Wednesday, October 26, 2011

Fifth blog assignment - due 11/1/11

Fairly standard blog. The reading is in the course reader - Malcolm Gladwell's "Something Borrowed." We're going to be talking about plagiarism, in a slightly more complicated way than you may be used to. In academia, we tend to treat it like it's a very simple issue, but, in a lot of cases, it's much more complex than it appears. So, the blog assignment:

First paragraph - same ol', same ol'. Try to give me a one-paragraph summary of the piece that starts with a main claim (thesis statement) that you then support. This is kind of tricky, because in a lot of ways, Gladwell asks more questions than he answers. If you get totally stuck, think about starting it with something like, "In 'Something Borrowed,' Gladwell asks whether . . ." so you can indicate that the final point is fairly open-ended.

Second paragraph - just react, again. Good, bad, weird, whatever. I think the piece shows a really interesting way to think about plagiarism. Did Gladwell's piece make you question your ideas at all? I hope you at least thought it was interesting. I think it's fairly well-written, but, in the past, I've had students become confused about the sequence of events in the essay because of how many people are involved in the thing (two original writers and one plagiarist who steals from both of them). So do, please, use this space to ask questions if you can't figure out just what the heck happened.

Thursday, October 13, 2011

Fourth blog assignment - due 10/18/11

Ronson, Chapters 6 and 7

This is just like the last time I asked you to blog about the book; summarize one of the chapters in a paragraph, then spend another paragraph responding to both.

Monday, October 10, 2011

Third blog assignment - due 10/13/11

With Project One, you had an opportunity to begin thinking about how arguments and sources relate to each other. In two weeks, we'll be meeting at College Library to begin working with the University's resources and using them to find relevant and strong sources.

Because good research depends so much on good sources, generally, the best way to go about research is to begin with a research question. By starting with a question rather than a thesis, you help to make sure that you're not "cherry-picking" the evidence that goes into your argument. For example, if you start research by thinking, "I'm going to write a paper about how Wal-Mart is ruining America," you will likely only look for research that supports that conclusion, rather than also considering evidence which negates it. This is, frankly, both bad research and unethical. If, instead, you start with the question, "What has the impact been of Wal-Mart on small-town America?" you'll find yourself looking at sources that give you a variety of answers, and, probably, a more balanced final product.

This Thursday's blog assignment will have you start thinking about research questions. On any topic you like, write a question that you think you might be able to answer in about ten pages. (You can do a few, if you really can't pick just one.) Then, write a paragraph or two explaining a few things about it: Why you've chosen the question, how you think you might start looking for answers, what you think possible answers might look like, subquestions that might pop up, possible problems you might have answering, etc.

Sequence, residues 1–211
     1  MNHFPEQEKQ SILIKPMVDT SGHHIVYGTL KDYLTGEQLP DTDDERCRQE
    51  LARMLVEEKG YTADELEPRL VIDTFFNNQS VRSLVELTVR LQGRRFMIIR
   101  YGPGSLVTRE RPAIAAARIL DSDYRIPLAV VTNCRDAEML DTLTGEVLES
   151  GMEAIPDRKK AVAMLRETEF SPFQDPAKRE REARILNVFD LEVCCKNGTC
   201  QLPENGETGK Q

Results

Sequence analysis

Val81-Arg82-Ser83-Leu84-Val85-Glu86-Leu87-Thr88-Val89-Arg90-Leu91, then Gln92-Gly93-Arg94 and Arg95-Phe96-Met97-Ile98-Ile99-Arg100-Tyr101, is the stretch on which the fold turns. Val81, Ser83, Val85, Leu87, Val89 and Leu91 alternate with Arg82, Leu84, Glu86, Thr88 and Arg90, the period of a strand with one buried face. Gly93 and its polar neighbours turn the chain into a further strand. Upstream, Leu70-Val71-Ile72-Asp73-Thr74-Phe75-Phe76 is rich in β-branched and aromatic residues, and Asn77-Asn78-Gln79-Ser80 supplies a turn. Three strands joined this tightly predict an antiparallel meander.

Has the death penalty been shown to be an effective deterrent to crime?

This seems like a pretty easy question to answer, because I know there's already a lot of data and research out there on the topic. It's also sort of an interesting question - there are a lot of different reasons for supporting or opposing the death penalty, and most of them are very emotional reasons, so they're hard to answer conclusively. This, though, would have a measurable answer. I would want to limit the scope of my question to just America, probably; I've only got ten pages. To start, I think I'd have to think about the kinds of crimes for which the death penalty is imposed, and then consider the rates of commission of those crimes in states that have the death penalty, vs. ones that don't. So, say, looking up the rates of murder convictions (maybe even attempted murder convictions, though that might be harder) in the different states. I'd have to think about how the rates have changed over time, too, since the legality of the death penalty in America has varied a lot over the course of the country's history.

I might not be able to answer the question conclusively - there are a lot of different factors affecting murder rates, not just the presence of capital punishment. But I think any kind of correlation I can find will be at least interesting.

Monday, October 3, 2011

Second blog assignment - due October 6

Jon Ronson, Chapter 4 ("The Psychopath Test") and Chapter 5 ("Toto")

For this assignment, I'd like you to essentially do the same thing as the last time - write a paragraph summarizing the reading, and then another paragraph responding to it. Though you have to read two chapters, I won't require that you summarize both of them. Instead, pick just one and summarize it in a strong top-down paragraph - begin with a sentence that explains the most important thing about the chapter, then back up that sentence with the rest of the paragraph. As we may have discussed in our face-to-face conference, you may or may not want to think about these as something to potentially edit for inclusion in your portfolio.

In your second paragraph - your response - you do not have to limit yourself to only the chapter you summarized. Reading them helps me, as the instructor, figure out how to structure class discussion, so that we can address major issues that you have as readers. So please do use that second paragraph as a place to respond to both chapters, in terms of any questions, comments, objections, etc. you might have.